Materials and Methods

Study Area

This study was conducted in the lower Shivalik region of Dehradun and Tehri Garhwal district of Uttarakhand (India) which is located at average elevation of 600 to 1550 m above mean sea level, having latitude of Dehradun (30.32◦N, 78.03◦E) and Tehri Garhwal (30.30◦N, 78.57◦E) with humid subtropical and temperate climate with heavy rain fall during monsoon season.

Study Animals and Clinical Evaluation

The prevalence survey was conducted during the summer season from March to June, 2016. Animals were screened by stratified random sampling from the villages of lower Shivalik region, Dehradun and Tehri Garhwal district of Uttarakhand. A total of 312 goats (107 male and 205 female) were screened for ectoparasitic infestation from specific study area of Uttarakhand. Animals were selected from farmers rearing goats of different age, sex and body condition categories. The age of animals was categorized as young (< 12 weeks) and adult (>12 weeks). Based on total no of ticks, the severity of infestation was graded as healthy (none), Low (1–3), moderate (4-10) and high (>10) (Marchiondo et al., 2006).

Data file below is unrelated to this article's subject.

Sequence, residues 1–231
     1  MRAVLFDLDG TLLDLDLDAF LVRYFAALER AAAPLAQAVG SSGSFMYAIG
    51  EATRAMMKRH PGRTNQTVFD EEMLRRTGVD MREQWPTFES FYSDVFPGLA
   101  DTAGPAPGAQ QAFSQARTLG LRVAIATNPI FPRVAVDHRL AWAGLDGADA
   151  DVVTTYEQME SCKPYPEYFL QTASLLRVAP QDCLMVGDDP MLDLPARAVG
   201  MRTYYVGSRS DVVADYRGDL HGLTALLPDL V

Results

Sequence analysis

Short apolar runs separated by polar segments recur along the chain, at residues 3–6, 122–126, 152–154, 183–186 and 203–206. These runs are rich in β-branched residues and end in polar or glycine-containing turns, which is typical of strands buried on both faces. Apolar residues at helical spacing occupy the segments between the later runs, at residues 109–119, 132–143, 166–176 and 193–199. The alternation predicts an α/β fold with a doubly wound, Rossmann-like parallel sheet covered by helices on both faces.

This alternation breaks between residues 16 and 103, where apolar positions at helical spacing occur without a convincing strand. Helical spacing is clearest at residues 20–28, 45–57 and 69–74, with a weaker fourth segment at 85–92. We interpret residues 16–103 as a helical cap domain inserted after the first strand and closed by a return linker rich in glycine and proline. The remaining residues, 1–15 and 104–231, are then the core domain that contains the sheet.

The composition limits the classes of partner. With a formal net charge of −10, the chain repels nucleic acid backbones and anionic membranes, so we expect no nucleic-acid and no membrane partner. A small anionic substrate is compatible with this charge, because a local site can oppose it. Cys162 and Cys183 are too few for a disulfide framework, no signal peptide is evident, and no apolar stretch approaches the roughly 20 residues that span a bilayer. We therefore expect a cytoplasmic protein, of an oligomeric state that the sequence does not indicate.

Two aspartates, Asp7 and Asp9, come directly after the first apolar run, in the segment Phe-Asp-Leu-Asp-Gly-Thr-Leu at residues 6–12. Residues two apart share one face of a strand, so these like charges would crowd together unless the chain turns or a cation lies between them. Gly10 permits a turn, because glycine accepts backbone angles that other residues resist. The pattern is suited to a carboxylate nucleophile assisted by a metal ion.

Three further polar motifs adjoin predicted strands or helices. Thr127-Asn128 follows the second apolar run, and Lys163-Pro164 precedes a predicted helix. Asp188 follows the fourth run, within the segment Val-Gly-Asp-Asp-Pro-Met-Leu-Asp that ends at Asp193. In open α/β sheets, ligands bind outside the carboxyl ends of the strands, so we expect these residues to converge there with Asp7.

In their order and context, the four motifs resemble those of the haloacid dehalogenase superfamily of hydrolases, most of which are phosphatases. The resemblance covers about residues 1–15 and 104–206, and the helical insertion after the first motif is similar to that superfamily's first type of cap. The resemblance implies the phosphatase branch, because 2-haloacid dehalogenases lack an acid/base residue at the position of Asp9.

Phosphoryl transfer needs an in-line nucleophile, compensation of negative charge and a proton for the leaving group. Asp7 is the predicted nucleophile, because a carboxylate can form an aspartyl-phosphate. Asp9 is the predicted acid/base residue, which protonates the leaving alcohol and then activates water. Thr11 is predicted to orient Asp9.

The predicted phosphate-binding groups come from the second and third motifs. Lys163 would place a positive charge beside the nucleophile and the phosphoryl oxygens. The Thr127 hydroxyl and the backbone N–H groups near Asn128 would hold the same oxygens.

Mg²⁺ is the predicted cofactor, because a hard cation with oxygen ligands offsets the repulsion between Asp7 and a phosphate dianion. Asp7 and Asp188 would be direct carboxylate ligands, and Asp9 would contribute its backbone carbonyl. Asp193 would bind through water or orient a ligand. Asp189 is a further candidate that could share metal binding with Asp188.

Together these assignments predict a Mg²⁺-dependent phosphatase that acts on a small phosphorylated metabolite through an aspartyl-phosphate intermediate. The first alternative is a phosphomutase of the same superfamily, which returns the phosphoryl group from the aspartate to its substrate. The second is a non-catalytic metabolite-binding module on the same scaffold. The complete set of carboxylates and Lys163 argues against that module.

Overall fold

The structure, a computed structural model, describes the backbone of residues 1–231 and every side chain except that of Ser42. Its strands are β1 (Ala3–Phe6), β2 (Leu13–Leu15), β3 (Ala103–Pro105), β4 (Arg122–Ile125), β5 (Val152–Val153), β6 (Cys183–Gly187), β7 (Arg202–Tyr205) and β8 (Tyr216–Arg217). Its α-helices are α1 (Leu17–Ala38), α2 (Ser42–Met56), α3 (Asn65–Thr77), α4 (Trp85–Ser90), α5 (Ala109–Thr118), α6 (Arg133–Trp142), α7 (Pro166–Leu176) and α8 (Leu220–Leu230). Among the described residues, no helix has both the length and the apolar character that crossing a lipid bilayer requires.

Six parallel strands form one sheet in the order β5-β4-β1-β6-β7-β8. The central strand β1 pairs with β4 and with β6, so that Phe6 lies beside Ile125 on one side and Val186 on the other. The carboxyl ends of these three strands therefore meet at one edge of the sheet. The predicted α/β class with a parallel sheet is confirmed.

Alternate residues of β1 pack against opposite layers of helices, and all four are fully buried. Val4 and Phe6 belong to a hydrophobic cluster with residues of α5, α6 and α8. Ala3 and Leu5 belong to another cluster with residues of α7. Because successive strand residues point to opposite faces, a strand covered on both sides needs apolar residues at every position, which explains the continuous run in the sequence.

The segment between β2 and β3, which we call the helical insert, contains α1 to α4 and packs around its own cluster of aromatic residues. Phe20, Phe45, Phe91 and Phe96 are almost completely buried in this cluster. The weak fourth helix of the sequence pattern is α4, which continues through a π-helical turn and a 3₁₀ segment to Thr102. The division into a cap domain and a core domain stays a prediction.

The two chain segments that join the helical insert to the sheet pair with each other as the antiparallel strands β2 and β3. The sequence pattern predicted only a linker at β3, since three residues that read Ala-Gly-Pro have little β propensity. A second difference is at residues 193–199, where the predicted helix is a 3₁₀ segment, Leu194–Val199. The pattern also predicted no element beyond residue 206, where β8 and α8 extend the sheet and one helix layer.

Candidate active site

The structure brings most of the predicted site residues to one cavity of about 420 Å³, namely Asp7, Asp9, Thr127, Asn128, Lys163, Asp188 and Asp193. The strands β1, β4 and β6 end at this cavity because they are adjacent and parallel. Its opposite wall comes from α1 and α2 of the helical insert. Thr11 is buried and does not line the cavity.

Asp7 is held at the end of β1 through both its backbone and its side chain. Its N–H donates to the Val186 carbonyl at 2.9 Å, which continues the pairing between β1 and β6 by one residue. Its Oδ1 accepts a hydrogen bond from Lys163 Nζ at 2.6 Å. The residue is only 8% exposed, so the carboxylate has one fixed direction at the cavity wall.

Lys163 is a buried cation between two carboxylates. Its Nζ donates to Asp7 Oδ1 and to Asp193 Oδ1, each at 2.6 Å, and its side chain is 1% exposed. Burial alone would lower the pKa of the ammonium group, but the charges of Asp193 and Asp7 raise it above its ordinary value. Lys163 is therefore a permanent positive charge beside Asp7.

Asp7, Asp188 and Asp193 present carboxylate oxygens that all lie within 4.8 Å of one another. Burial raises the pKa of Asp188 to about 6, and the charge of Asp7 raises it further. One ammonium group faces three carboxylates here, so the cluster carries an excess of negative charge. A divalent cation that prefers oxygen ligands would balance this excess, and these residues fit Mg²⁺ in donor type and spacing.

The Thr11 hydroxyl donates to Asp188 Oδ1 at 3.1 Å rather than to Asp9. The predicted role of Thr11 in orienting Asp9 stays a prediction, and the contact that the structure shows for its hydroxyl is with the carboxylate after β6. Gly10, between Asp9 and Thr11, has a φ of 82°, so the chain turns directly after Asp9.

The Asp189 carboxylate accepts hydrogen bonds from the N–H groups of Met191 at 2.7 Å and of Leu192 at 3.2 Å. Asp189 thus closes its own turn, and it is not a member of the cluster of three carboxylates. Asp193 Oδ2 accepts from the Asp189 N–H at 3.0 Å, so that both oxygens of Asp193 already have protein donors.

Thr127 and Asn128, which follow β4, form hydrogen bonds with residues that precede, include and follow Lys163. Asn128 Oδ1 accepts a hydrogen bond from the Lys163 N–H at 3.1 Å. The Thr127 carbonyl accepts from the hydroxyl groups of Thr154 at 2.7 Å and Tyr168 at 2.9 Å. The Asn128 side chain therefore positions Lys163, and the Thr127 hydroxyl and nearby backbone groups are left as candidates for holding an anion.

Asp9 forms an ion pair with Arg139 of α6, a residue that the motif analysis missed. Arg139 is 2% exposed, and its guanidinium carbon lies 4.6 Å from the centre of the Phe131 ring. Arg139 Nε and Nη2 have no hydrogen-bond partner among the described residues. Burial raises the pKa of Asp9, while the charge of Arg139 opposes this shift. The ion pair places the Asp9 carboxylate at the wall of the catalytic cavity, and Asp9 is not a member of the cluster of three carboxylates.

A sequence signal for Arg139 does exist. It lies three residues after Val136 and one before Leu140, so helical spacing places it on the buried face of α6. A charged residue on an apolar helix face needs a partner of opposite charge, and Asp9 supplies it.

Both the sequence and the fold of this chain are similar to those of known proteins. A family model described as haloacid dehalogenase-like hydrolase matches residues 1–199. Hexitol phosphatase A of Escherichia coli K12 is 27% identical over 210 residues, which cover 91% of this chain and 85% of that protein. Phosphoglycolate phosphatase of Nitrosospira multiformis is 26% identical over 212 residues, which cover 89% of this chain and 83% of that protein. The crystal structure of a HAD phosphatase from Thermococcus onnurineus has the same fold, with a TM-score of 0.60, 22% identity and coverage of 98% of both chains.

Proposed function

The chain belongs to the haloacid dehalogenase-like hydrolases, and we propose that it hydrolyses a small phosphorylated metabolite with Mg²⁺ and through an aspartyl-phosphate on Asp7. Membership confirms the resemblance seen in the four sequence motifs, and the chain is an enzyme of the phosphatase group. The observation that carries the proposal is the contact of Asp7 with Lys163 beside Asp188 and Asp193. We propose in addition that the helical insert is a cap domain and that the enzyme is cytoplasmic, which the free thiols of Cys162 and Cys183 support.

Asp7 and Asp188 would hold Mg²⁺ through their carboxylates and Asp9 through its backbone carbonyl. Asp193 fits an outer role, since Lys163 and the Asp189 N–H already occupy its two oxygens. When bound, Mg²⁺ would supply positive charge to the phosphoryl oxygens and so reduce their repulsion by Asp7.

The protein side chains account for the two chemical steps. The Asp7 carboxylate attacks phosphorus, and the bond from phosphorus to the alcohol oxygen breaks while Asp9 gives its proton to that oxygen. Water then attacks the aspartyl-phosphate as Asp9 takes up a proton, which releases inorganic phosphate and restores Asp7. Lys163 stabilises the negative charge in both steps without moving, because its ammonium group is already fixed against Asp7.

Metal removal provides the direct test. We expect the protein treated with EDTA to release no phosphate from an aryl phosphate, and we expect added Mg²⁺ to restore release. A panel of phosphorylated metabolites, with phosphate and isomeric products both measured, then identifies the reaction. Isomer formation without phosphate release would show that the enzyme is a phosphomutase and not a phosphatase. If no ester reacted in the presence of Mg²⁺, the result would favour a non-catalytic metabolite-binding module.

Tick Collection and Identification

The entire bodies of individual animals were thoroughly inspected for presence of tick infestation and associated clinical signs. All visible different stage of ticks (larva, nymph, adult) were collected with help of fine forceps and to confirm that the mouth parts of ticks were not left behind embedded tissue. Ticks were collected and stored in tubes containing 70% alcohol as perseverate. Identification of morphological characteristics of collected ticks was carried out by use of stereomicroscope using identification keys set by Wall and Shearer (1997) and Soulsby (1982).

Statistical Analysis